In dealing with COVID-19 and ASF, there is an ongoing issue cycle, a disease or pathogen cycle, and one must recognize such. The key is to understand there will be a full cycle and thus the likely need to adjust accordingly. Today, these cycles are still in process, so this is real life for all.
The combined impacts of COVID-19 from a public health perspective and ASF from a food security perspective are yet to be fully realized recognizing their evolving status. Disruption is the likely near-term impact as efforts are made to control the spread of COVID-19 and ASF. This disruption will come in many forms regarding supply chains, production capabilities and consumption patterns. Watching morbidity and mortality numbers will help understand the evolving disease and issue cycle. Interventions and preventive practices, and biosecurity and quarantine measures, each will be key in controlling disease spread and minimizing risks.
Trade and commerce continuity are needed for both public health as well as food security purposes. Governments need to determine the appropriate levels of protection necessary to protect human and animal health while also seeking to facilitate trade to meet public health and food security needs.
Recognizing there are limited current resources - human and financial - efforts need to be prioritized in addressing COVID-19 and ASF. It is also timely to be assessing our current systems and resources both from a public sector and a private sector perspective. Assessing and noting the strengths and weaknesses of our current systems and processes now during the issues cycle can allow for adjustments in the future when doing a post analysis and making adjusting for future best practices.
Initial learnings from ASF show the potential devasting effects of one disease, due to swine mortality, on global food security. The impact on the domestic food supply and the global food supply are significant. The disease impacts range from those on input suppliers, to farm production practices, transportation, food processing, food distribution and trade flows. Initial learnings from COVID-19 include that people movement nationally and globally are high risk transmission modes. The ability to diagnose quickly, pinpoint the incubation period, control spread via people movement and maintain basic supply chains are challenges.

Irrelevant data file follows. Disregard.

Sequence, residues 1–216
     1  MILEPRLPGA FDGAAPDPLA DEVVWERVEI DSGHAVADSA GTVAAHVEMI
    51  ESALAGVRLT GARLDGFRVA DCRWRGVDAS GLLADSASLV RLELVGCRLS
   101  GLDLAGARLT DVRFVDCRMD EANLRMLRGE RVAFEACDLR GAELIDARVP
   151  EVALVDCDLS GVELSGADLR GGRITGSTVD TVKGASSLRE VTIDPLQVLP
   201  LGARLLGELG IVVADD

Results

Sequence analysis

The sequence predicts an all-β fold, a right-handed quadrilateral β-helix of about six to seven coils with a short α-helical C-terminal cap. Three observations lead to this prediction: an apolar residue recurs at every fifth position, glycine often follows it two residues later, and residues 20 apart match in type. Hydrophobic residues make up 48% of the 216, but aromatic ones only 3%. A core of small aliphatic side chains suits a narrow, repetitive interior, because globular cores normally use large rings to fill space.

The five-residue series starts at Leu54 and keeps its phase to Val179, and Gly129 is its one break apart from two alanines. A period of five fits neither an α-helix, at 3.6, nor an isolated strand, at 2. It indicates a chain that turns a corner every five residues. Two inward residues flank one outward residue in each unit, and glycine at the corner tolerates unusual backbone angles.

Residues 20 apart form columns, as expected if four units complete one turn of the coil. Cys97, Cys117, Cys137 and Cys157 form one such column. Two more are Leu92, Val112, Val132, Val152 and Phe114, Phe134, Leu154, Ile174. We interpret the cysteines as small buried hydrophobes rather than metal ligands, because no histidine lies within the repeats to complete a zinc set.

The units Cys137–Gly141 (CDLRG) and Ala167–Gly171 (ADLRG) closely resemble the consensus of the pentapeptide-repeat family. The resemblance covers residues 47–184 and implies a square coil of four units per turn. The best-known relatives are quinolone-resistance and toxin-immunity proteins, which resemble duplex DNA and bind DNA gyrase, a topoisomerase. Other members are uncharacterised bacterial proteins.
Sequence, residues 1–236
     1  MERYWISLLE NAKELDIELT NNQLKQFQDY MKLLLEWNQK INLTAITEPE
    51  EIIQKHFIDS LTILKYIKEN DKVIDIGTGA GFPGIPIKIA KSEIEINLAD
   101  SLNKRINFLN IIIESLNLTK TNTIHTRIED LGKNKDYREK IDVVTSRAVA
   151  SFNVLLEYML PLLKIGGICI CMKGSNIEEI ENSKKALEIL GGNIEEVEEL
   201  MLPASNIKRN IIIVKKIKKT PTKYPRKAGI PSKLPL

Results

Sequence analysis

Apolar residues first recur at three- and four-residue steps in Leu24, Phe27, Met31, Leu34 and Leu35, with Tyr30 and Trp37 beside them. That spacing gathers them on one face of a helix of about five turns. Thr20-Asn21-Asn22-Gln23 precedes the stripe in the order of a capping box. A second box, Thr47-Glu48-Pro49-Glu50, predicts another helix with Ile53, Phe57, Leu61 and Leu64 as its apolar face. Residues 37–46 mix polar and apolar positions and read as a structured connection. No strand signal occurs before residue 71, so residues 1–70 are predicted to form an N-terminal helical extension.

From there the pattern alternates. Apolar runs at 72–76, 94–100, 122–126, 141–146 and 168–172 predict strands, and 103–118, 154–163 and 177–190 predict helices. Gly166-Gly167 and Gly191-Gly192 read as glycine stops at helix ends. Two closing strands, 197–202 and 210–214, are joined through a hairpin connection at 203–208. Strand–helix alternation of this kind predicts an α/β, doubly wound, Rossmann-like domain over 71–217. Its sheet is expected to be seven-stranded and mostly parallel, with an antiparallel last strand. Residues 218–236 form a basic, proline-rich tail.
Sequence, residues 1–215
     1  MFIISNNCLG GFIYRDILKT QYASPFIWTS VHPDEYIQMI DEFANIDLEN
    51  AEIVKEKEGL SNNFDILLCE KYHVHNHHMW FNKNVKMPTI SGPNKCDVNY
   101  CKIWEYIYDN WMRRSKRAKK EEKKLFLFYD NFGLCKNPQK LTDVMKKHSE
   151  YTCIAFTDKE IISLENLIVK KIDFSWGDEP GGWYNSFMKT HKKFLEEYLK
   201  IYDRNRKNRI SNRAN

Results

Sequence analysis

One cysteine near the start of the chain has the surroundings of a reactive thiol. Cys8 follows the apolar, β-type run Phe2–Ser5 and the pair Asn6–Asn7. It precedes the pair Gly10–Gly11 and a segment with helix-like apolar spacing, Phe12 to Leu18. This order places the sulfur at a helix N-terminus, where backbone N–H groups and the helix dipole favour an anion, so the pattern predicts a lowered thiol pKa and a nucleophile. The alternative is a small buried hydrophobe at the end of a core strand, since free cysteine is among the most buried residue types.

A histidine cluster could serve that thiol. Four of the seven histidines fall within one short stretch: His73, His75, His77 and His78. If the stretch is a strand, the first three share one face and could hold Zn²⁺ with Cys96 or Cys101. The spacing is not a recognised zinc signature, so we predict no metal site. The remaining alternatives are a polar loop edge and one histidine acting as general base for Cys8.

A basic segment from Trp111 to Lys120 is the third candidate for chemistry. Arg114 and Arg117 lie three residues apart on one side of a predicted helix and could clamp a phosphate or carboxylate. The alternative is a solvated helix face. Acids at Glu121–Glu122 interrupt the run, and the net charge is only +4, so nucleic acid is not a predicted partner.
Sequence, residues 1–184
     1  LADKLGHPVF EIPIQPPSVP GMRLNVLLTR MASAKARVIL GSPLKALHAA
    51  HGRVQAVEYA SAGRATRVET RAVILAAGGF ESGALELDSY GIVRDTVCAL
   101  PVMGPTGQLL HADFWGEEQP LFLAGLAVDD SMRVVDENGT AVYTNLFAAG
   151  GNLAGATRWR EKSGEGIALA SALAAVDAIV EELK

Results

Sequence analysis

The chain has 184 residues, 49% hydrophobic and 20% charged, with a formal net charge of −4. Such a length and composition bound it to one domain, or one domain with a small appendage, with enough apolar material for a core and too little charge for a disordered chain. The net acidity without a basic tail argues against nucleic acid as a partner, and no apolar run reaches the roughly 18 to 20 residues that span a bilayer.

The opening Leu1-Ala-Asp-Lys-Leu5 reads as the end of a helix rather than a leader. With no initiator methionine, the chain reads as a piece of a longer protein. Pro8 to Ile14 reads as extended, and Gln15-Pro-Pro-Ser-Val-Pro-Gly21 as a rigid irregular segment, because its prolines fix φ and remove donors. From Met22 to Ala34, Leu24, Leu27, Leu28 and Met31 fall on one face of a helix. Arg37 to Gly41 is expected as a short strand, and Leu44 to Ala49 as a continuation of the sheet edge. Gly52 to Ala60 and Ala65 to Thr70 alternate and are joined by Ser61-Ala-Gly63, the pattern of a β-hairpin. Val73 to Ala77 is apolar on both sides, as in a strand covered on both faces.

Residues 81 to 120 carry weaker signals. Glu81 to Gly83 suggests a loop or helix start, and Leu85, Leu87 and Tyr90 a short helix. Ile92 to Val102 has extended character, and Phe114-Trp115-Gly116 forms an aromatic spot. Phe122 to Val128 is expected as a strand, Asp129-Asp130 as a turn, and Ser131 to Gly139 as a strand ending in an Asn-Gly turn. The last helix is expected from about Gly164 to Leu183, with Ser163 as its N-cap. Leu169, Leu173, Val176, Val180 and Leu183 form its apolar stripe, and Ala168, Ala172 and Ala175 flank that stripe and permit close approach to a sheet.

At a high level when viewing COVID-19 and ASF, risk and biosecurity become key aspects. Globally, regionally, nationally and locally, how do we better identify the highest risks areas or practices? How do we enhance monitoring and biosecurity measures to identify and eliminate the highest risks? For each fortunately we can learn from the past, but also, we need to think how do we accelerate change and elimination of the highest risks?
Global ‘One Health’ collaboration efforts need to be accelerated amongst governments and the private sector. Both have critical roles to play in addressing transboundary and zoonotic diseases at the local, national, regional and global levels. Our public health and food security will be determined by our ability to work together for the betterment of all globally, in our globally interconnected and reliant world.